'A gorgeously exuberant account. . . writing that is natural and vivacious . . . a fascinating and hugely enjoyable read.' Bernardine Evaristo, from the Introduction Travelling over from Jamaica as a teenager, Barbara's journey is remarkable. She finds her footing in TV, and blossoms. Covering incredible celebrity stories, travelling around the world and rubbing shoulders with the likes of Germaine Greer and Michael Caine - her life sparkles. But with the responsibility of being the first black woman reporting on TV comes an enormous amount of pressure, and a flood of hateful letters and complaints from viewers that eventually costs her the job. In the aftermath of this fallout, she goes through a period of self-discovery that allows her to carve out a new space for herself first in the UK and then back home in Jamaica - one that allows her to embrace and celebrate her black identity, rather than feeling suffocated in her attempts to emulate whiteness and conform to the culture around her. Growing Out provides a dazzling, revelatory depiction of race and womanhood in the 1960s from an entirely unique perspective. A title in the Black Britain: Writing Back series - selected by Booker Prize-winning author Bernardine Evaristo, this series rediscovers and celebrates pioneering books depicting black Britain that remap the nation.
This is an open and frank account of how someone from a railway family in a small East Midlands town went on to become a Cabinet Minister serving in the Ministry of Defence as Britain conducted difficult and demanding operations in Sierra Leone, Afghanistan and Iraq. It sets out his political career from his earliest days knocking on doors for the Labour Party through to his becoming a Euro-MP, an MP for eighteen years and a Cabinet Minister for almost ten years. It describes his careers as an academic, lawyer, politician and in international business, as well as his commitment to conservation and protecting the environment.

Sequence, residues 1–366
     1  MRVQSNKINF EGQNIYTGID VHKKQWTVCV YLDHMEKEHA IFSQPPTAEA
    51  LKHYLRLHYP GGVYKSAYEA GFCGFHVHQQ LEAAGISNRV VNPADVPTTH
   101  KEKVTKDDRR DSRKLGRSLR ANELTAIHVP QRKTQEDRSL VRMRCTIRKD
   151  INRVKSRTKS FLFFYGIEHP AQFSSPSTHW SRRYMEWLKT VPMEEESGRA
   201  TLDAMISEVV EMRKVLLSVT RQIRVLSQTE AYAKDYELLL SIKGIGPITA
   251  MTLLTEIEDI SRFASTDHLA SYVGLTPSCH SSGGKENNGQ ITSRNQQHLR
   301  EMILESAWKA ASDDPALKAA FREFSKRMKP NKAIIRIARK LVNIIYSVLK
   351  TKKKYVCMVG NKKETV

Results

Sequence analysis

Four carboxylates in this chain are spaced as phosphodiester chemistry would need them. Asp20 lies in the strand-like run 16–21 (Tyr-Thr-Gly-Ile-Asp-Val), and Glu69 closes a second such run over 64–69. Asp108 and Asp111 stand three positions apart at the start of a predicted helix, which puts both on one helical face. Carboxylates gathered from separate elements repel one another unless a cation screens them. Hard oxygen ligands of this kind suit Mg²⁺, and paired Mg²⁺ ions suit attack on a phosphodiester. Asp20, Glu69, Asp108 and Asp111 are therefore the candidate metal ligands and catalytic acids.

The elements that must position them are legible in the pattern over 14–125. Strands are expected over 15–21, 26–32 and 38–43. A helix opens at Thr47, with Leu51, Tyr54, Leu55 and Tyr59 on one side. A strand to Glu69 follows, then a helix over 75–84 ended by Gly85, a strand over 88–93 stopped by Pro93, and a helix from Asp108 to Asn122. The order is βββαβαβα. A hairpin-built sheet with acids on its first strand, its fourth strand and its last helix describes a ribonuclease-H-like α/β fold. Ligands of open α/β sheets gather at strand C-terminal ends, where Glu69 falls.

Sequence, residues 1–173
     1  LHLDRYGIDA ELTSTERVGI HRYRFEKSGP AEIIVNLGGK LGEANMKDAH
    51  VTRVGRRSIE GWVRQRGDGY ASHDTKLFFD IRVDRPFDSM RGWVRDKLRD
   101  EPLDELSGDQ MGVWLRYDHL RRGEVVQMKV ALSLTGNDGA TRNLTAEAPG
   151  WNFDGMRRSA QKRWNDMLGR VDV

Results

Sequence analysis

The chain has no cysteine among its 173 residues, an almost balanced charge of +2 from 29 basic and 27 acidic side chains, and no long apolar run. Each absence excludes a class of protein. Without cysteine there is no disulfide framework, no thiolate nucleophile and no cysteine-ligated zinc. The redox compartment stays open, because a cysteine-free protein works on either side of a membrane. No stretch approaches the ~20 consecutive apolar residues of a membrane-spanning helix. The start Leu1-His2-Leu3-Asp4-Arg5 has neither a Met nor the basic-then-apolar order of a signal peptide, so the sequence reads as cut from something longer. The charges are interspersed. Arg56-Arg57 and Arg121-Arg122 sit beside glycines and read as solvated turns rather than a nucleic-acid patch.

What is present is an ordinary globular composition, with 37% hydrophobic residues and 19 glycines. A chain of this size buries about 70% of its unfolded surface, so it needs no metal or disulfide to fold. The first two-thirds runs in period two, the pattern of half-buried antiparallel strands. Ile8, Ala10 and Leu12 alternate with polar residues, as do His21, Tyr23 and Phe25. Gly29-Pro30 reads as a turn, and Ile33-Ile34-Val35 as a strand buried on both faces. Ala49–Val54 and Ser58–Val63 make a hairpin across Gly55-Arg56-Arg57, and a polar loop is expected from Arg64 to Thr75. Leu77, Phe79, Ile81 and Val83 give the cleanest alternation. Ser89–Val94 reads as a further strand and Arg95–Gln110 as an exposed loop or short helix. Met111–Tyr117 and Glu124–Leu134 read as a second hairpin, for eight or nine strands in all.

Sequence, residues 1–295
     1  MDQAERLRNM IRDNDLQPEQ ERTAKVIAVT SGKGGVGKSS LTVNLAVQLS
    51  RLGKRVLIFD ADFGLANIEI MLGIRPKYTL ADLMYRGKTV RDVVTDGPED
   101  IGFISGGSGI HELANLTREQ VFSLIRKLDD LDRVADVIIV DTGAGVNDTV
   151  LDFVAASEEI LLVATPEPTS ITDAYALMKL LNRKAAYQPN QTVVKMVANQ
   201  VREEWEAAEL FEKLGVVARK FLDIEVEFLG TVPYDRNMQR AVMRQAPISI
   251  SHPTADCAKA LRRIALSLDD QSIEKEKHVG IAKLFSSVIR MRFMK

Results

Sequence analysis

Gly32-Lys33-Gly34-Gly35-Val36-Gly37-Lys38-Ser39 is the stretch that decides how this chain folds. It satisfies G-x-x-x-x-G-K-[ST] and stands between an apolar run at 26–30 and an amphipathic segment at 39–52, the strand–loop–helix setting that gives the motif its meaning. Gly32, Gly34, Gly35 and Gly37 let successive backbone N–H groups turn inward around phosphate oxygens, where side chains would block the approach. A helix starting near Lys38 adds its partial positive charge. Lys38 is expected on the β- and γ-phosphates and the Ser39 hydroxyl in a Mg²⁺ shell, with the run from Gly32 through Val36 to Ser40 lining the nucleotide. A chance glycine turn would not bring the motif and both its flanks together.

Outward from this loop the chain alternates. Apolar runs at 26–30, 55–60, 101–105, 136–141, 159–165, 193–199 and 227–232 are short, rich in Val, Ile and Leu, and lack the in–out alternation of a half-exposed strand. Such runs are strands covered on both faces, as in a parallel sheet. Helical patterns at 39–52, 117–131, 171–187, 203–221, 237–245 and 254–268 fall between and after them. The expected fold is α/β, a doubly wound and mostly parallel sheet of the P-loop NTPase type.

At once personal, politically-charged, moving and witty, John Chick Donohue’s The Greatest Beer Run Ever is an engaging account of a Vietnam vet’s tracking down of his former comrades-in-arms to bring them a beer from home. Living up to its title, it really does read like the greatest beer run ever, and will have readers interested in the human side of history laughing, crying and thinking in equal measure. Like so many of life’s momentous ideas, a night in a bar prompts ex-Marine and merchant seaman Chick Donohue to hatch his plan to return to Vietnam. But unlike most bar-based ideas, Chick actually goes through with his. Armed with a list of names, a rucksack of beer, and hoping for a sprinkling of Irish luck, he sets off, though he admits that “I still had my doubts that I could pull it off.” This fascinating, enthralling account sees the author having to use his gift of the gab to press on past check-points before tackling multiple dangers and coming face to face with unexpected realities when he reaches Vietnam - realities that bring him to a big realisation: “I began to see that the protesters, however disrespectfully, were at least trying to stop this madness…If there is one thing that I learned as a result of my Vietnam experience it’s that government - all governments for that matter - are not to be trusted. Many politicians lie when it serves their interests.” This is tasty food for thought with universal resonance.